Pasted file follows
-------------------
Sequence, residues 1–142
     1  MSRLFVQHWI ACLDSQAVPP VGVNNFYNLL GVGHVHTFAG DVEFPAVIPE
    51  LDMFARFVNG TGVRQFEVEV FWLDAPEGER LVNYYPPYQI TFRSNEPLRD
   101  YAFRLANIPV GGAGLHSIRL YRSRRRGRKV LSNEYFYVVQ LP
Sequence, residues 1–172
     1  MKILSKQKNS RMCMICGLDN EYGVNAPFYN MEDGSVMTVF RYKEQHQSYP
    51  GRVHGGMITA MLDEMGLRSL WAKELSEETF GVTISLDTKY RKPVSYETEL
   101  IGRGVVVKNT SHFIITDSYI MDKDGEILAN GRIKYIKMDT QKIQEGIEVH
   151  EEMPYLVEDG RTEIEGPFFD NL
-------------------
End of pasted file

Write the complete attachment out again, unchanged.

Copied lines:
Sequence, residues 1–142
     1  MSRLFVQHWI ACLDSQAVPP VGVNNFYNLL GVGHVHTFAG DVEFPAVIPE
    51  LDMFARFVNG TGVRQFEVEV FWLDAPEGER LVNYYPPYQI TFRSNEPLRD
   101  YAFRLANIPV GGAGLHSIRL YRSRRRGRKV LSNEYFYVVQ LP
Sequence, residues 1–172
     1  MKILSKQKNS RMCMICGLDN EYGVNAPFYN MEDGSVMTVF RYKEQHQSYP
    51  GRVHGGMITA MLDEMGLRSL WAKELSEETF GVTISLDTKY RKPVSYETEL
   101  IGRGVVVKNT SHFIITDSYI MDKDGEILAN GRIKYIKMDT QKIQEGIEVH
   151  EEMPYLVEDG RTEIEGPFFD NL